The generosity of strangers

On the ferry ride over the river Shannon, Simon looked down at his rear tire. It was deflated, again. Despite this realization, we were excited to finally reach County Kerry. We had heard a lot of good things about the area.

After walking our bikes off the ferry, Simon changed his tire, and we cycled towards the ominous rainclouds. It started to sprinkle rain, and I think the suggestion to call it an early day was thrown out but Simon and I are both very stubborn. When rain started falling in earnest, we pulled into a farmer’s driveway to seek shelter under some trees. We thought the rain might pass, but it proceeded to get heavier and heavier until we had to discuss our camping options. We finally decided to knock on the door of the house we were standing in front of.

*knock* *knock* *knock* …………no answer. *knock* *knock* *knock*

“I think I hear someone inside”, I insisted.

Simon shook his head, “Maybe they don’t want to answer?”

A minute or so later and a young Irish chap, Tommy, opened the door and then fetched his dad.

“Hello, we were on our way to Dingle but the weather just took a turn,” I explained. “Is there a field nearby we could pitch our tent?”

Tommy’s dad explained that while there were many fields around, we wouldn’t want to have to worry about cattle and bulls. He kindly offered us his lawn. As soon as we took our tent out to pitch, it was soaked. Thankfully, Tommy ran out and offered us their shed instead. Then, after we changed out of our wet layers, Tommy brought us a platter of toast, biscuits, and tea. We were lulled to sleep that night by the pitter-patter of rain on the roof as we snuggled in our warm sleeping bags.

The next day we cycled into Tralee and spent 2 hours in The Daily Grind coffee shop (one hour of which I was skyping my sister). We only bought a coffee each, so we were feeling slightly guilty as we left. On our way out the door, the barista that took our order ran after us to gift us a bag of baked goods for the road. The kindness of strangers continues to amaze me!

8 miles outside of Annascaul we met a French cyclist, Antoine, the first touring cyclist on our trip that was traveling in the same direction as us. The three of us made quick work of the climb before town, which gave stunning view of the Dingle peninsula. Antoine joined us for dinner at the South Pole Inn (opened by the famous Antarctic explorer Tom Creen). The seafood chowder was amazing and I tried black pudding for the first time (and liked it). Antoine had already booked a hostel in Dingle, so he headed off. We bid him farewell, ate some sticky toffee pudding (YUM) and asked some locals for a camp-worthy field nearby.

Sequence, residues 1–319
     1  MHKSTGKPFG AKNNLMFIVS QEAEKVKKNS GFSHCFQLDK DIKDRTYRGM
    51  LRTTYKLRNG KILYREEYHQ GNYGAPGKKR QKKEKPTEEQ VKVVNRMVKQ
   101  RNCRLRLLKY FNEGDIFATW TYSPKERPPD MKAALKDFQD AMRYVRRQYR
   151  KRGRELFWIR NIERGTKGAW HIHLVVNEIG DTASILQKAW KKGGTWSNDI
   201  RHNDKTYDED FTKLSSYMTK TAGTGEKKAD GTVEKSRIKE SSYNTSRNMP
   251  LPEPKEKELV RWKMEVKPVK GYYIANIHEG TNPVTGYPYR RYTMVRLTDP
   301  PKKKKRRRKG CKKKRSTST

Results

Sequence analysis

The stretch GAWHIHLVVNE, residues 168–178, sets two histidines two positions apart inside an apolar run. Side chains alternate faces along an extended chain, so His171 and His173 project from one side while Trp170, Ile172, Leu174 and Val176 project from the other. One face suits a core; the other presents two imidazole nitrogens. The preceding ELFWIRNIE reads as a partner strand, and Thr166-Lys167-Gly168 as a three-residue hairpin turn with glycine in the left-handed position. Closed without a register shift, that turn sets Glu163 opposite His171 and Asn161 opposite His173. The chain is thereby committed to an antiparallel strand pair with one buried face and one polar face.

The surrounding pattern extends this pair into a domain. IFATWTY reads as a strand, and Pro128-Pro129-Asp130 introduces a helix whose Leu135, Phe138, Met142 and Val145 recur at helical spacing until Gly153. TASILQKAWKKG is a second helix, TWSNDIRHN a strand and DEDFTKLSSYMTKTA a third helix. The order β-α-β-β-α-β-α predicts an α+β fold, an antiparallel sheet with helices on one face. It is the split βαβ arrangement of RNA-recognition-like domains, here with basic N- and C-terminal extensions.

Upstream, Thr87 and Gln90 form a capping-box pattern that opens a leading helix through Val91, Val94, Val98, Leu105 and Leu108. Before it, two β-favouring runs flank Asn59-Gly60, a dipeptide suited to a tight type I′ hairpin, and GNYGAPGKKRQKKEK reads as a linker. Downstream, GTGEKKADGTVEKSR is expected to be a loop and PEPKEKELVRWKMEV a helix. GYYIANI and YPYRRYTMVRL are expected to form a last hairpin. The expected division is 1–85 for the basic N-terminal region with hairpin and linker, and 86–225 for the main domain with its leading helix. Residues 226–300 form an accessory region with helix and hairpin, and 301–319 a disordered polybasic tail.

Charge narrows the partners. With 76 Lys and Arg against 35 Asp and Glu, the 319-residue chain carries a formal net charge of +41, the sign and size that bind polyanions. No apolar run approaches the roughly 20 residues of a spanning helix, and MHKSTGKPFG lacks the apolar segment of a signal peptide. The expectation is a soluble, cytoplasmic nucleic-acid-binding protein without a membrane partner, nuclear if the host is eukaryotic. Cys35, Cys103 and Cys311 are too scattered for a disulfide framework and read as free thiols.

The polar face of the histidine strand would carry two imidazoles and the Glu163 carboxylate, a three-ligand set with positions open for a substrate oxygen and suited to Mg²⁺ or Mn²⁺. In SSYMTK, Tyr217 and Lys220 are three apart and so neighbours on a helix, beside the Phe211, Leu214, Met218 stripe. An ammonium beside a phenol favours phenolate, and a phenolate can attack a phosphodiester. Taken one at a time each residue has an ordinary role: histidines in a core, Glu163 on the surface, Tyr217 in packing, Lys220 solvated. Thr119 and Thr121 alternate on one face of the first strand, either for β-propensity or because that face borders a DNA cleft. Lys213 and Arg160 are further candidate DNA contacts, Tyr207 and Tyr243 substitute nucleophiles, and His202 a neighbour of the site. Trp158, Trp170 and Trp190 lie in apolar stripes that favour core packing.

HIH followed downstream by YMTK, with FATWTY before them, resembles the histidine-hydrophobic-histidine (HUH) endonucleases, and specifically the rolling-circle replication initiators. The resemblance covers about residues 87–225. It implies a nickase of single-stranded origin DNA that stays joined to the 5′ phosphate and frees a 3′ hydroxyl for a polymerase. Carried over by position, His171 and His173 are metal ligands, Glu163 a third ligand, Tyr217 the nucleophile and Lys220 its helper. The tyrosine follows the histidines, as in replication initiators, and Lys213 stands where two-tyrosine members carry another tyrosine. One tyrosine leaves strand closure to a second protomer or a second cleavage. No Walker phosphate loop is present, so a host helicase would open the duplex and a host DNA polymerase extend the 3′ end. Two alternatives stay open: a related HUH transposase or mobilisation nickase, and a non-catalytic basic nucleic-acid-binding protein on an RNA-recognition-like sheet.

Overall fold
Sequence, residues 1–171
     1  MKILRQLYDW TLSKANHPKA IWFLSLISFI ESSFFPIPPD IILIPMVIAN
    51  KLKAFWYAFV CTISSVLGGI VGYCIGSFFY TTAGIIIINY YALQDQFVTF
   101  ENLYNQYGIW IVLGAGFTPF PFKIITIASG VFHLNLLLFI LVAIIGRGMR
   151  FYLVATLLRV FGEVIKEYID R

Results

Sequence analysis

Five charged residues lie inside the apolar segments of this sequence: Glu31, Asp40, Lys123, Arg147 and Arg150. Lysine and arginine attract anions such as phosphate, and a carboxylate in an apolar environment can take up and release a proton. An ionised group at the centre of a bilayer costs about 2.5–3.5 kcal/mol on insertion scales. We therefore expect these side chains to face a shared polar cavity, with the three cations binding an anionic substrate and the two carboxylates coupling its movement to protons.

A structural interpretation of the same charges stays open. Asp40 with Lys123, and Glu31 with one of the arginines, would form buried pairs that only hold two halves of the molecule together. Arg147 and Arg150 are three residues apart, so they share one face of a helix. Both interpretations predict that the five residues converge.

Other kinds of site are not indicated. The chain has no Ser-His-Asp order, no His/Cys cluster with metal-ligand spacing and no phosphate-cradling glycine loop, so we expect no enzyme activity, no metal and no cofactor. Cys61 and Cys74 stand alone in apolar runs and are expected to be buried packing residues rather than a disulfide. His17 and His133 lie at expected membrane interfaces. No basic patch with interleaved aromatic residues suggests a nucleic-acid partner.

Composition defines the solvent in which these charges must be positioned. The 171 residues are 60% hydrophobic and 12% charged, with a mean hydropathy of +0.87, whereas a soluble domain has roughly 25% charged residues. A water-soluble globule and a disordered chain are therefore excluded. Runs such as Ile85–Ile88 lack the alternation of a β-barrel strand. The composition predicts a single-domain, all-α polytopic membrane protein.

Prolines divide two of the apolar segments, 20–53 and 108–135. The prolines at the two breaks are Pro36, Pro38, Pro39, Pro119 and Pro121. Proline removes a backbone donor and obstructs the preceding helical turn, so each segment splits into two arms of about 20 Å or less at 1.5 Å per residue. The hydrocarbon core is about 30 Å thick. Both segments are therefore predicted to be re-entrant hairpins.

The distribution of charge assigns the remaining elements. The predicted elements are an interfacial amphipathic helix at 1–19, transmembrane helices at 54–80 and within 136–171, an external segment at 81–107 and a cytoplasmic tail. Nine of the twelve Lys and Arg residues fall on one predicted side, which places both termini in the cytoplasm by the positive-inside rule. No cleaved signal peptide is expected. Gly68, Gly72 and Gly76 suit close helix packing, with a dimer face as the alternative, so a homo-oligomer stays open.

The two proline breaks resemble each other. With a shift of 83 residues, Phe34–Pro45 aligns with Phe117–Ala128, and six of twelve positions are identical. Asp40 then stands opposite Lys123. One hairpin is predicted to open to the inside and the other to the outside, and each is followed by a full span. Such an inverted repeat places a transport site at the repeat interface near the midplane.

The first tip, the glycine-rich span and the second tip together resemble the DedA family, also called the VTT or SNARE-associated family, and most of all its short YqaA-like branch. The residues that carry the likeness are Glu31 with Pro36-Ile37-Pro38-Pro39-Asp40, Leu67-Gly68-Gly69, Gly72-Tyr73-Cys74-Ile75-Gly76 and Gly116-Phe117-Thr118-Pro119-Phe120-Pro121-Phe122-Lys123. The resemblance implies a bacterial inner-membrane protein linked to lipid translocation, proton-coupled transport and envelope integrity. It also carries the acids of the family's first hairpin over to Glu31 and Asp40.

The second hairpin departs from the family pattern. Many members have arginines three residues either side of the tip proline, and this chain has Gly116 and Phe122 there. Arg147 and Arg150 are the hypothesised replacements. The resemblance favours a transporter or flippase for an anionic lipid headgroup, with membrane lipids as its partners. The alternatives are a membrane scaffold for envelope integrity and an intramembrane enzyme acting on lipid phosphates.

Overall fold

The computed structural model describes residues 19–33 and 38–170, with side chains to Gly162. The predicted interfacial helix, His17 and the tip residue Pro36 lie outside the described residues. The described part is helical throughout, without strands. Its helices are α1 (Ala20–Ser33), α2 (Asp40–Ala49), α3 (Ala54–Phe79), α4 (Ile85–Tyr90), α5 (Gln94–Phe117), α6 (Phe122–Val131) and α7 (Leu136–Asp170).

The next morning we booked into the Hideout hostel in Dingle. Two nights booked in Dingle only meant our second and third rest day of the trip. On our second day in Dingle, we cycled (unloaded – yay!) around the peninsula to be rewarded with some of the most stunning scenery of the trip. We would highly recommend this section!

We finished up County Kerry with three days of cycling the famous Ring of Kerry. The first day was rainy. We actually haven’t had much rain on the trip, so we were due a drizzly day. We both agreed that cyclists on the same route could have completely different impressions of an area based on the weather. At this point of the Ring, we were both preferring the less-crowded, sunny Dingle peninsula. We did find an amazing shelter from the rain that night in a retired tunnel on the side of a cliff. We shared it with a mouse, or rather he shared it with us.

The next day we had much better weather and plans to get a good distance done. We opted to veer off the Ring of Kerry and include the coastal Ring of Skellig in our route. This meant taking a ferry to Valencia Island (beautiful.), and crossing the bridge back over to Port Magee, over a steep climb, and around to connect with the main road again. Simon’s tire had other plans that day. On the Valencia island, he got ANOTHER flat tire. All of our spares had holes in them at this point, so he spent the next couple hours patching tubes, and watching his tire deflate again and again. We can officially call this Simon’s lowest point of the trip. He got so frustrated, he even asked me to cycle to the next town in case they had a bike shop with tubes — they didn’t. A friendly Kerryman finally came over to help and chat. Having someone to look over his shoulder must have done the trick, because he was finally able to successfully repair a tube. He also lined his rim with tape, which seemed to be the cause of all the flats.

Off we went again! We only made it to the other side of Port Magee that day, which was a blessing in disguise. We had a beautiful campsite on the beach, which a stunning view of the Skellig islands (one of which they were recently filming the new Star Wars movie on). On our final day in Kerry we made up the mileage we lost the day before. The Southern portion of the Ring is more rugged with beautiful coast views. Overall, we decided County Kerry was easily one of the most scenic areas of our trip. Next stops: Cork, Waterford, and then Dublin!


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